••• Research, Tax & Spending •••

Kansas Legislature Lifetime Freedom Index Released

Kansas Policy Institute’s 2017 Lifetime Freedom Index released last week again reinforces legislators’ support for economic freedom and student-focused education are not determined by party affiliation, with significant disparity between high and low scores among Republicans in the House and Senate.  With 50 percent considered ‘neutral’ (i.e., just as likely to vote in favor as to oppose), the Senate range goes from a high of 81 percent to a low of 36 percent; the House ranges from 79 percent to 35 percent, respectively.

Scores for Democrats in both chambers are negative (below 50 percent) but there are 8 Republicans Senators and 18 Republican Representatives with negative scores.

If party politics was the dividing line, one would expect to see one party have consistently high scores and the other would have consistently low scores.  But as noted in the release of the 2017 annual Freedom Index, large numbers of Republicans had the highest and the lowest scores in both chambers.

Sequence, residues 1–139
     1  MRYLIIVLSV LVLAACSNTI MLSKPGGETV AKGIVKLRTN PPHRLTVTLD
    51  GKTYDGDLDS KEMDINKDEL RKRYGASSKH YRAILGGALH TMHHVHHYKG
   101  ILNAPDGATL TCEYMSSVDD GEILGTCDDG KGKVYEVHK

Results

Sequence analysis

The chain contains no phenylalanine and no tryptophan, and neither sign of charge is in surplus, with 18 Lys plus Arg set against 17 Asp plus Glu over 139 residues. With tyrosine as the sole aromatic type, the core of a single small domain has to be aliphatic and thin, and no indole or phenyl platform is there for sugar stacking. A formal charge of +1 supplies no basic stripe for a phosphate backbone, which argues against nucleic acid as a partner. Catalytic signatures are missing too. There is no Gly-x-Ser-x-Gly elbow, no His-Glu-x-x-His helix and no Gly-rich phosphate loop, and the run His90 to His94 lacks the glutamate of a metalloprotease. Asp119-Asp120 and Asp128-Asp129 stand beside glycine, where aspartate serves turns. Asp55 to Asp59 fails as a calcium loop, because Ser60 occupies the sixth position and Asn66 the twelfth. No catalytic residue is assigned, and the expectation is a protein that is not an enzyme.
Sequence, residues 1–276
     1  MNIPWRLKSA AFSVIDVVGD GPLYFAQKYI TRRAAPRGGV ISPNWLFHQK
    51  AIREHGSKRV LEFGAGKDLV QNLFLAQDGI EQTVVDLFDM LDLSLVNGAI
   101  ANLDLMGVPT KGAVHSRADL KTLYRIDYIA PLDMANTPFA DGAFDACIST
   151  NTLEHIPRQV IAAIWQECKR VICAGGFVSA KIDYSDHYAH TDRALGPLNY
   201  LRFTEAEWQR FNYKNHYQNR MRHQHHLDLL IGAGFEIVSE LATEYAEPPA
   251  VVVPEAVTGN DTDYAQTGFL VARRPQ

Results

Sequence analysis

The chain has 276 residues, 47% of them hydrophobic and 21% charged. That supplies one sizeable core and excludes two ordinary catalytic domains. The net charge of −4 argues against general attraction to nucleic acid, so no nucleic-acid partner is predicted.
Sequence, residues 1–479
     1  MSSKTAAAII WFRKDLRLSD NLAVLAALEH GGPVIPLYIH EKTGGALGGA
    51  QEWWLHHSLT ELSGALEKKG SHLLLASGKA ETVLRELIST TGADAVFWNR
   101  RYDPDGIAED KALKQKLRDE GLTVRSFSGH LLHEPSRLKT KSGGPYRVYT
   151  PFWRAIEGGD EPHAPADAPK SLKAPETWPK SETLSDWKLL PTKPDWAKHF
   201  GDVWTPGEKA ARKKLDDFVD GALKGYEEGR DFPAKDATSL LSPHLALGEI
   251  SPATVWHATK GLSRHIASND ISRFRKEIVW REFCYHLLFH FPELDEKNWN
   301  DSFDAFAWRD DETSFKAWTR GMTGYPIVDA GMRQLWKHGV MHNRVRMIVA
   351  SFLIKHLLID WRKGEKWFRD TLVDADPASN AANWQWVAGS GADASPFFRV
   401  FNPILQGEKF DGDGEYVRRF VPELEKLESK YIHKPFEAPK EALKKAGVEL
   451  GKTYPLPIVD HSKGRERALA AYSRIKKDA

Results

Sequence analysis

The methodology for the annual Freedom Index and the Lifetime Freedom Index is identical, except that one must serve at least two legislative sessions to be included in the Lifetime Freedom Index.  Raw scores are measured on a number line of the minimum and maximum scores for each chamber and session.  For example, if the range was negative 40 to positive 40, zero would be the midpoint and earn an index score of 50 percent.  The Freedom Index is the product of nonpartisan analysis, study, and research and is not intended to directly or indirectly endorse or oppose any candidate for public office.

The adjacent table lists the Top Ten Lifetime Scores in the House and Senate.  Mary Pilcher-Cook leads the Senate list at 81 percent and Blake Carpenter has the best score in the House at 79 percent.  Representative Pete DeGraaf would have led the House at 83 percent, but we require legislators to finish a legislative session to be included and he unfortunately had to resign during the 2017 session for health reasons.  The complete list in PDF format can be downloaded here.